Counting down...

First international trip...
First international trip...

Got word from the factory that my tail shipped last Friday, so hopefully here in the next week or so. Will be great to finally get started!


GNX 375 GPS Navigator
GNX 375 GPS Navigator

I've had a good dialogue with our CAA regarding an IFR approval, and it seems the requirement to have a physically separate NAV radio to back up the GPS navigator is firm, so this rules out a GTN 650 on it's own. Rather than install another additional GPS navigator or NAV radio as a backup, which will be very expensive and be difficult to fit in the panel, I'm leaning towards using a GNX 375 GPS/transponder and a GNC 255 NAV/COM radio. This removes the requirement for a GTX 45R transponder and covers all the GTN 650 functions.

This will mean the panel will contain:

  • G3X GDU 460 PFD and MFD (and accessory LRUs)
  • G5 backup EFIS
  • Airmaster prop controller
  • GNX 375 GPS navigator
  • GNC 255 NAV/COM radio
  • GMC 507 autopilot controller
  • GTR 20 COM radio (COM2, remote mount)
  • VP-X Pro (ECB, remote)

VOR Antenna and coax cables

A NAV radio will need a VOR antenna, so I've selected the RAMI AV-525. This has a straight component centrally so will go well with the internal mounting position of the hub. As the VOR antenna is a dipole, it does not need a ground plane but does instead need a balun between the elements and the coax cable. The -525 has an internal balun, whereas the otherwise similar AV-12 requires a balun fabricated out of coax.

I've chosen to go with RG-400 coaxial cable for my VHF NAV/COM and transponder antennae rather than RG-58, which has some longevity and robustness concerns. I'm considering RG-174 for the GPS antennae. GPS receivers require a degree of attenuation to suppress noise and so a minimum length of cable is needed, and the higher attenuation RG-174 can be shorter. However most is single-shielded, and the jacket/insulator is less fire-resistant than RG-400 so I may just end up using RG-400 for all the antennae.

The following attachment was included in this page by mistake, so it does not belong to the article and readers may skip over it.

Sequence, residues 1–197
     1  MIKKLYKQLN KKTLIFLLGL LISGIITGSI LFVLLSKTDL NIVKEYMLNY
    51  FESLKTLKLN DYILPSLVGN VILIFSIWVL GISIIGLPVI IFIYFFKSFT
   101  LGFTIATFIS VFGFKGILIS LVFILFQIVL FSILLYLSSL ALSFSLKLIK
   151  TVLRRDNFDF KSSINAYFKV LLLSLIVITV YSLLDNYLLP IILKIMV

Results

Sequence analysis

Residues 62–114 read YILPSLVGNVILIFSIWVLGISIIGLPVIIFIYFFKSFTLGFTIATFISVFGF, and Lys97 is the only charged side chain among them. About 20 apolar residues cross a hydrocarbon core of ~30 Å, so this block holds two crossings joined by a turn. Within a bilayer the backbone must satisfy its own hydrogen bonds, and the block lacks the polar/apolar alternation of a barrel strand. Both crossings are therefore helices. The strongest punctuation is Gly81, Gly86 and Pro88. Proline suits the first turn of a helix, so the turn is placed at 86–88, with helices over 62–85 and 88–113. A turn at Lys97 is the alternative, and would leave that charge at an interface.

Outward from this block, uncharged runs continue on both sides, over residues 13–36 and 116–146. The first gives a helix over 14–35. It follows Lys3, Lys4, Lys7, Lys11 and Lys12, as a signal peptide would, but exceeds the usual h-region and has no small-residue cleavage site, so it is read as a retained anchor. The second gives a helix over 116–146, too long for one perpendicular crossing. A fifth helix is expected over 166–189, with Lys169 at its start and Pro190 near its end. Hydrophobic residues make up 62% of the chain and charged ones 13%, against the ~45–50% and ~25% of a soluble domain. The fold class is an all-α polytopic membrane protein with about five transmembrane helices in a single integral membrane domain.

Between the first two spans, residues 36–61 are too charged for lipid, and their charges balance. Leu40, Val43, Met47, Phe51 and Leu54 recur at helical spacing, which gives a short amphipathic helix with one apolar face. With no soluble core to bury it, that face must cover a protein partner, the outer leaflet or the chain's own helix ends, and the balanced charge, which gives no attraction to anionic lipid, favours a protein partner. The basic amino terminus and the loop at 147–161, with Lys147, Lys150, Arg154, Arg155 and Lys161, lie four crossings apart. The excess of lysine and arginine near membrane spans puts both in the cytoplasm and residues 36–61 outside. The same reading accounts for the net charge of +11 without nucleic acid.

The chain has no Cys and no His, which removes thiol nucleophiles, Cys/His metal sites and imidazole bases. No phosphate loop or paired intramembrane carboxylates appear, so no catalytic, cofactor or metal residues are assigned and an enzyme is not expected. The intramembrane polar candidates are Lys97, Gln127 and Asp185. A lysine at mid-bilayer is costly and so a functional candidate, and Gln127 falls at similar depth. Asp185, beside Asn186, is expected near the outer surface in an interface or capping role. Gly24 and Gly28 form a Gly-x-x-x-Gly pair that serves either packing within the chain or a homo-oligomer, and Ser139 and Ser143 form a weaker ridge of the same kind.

There's a good video summary of the reasons for preferring RG-400 and the prep process here.

I've ordered Huber-Suhner coax in both specifications from Mouser, and Amphenol BNC (VHF, jack, plug) and TNC (GPS) connectors. These are pricey but well-regarded.

The BNC connectors require a hex crimp tool with .068 (pin) and .213 (ferrule) inch dies, and the TNC requires .068 and .178. This is quite hard to find as a single die using a combination of RG-174 and RG-400 is presumably uncommon compared to RG-58 (and -59/6 for UHF TV).

Amphenol does make a crimper frame with interchangeable dies, however it and its clones are hard to find so I settled on an interchangeable die unit from Amazon which looks of reasonable quality and has all the dies I'd need for both coax sizes. I also got an adjustable coax stripper.

Although it's not ideal having multiple connectors installed along an antenna run, I do plan to put a BNC connector in the VOR cable between the vertical stabiliser and fuselage. This will allow me to take the tail off and keep it separate from the fuselage during the building and painting etc, and from a pragmatic point of view, the plane won't fit out my garage door with the vertical stabiliser fitted!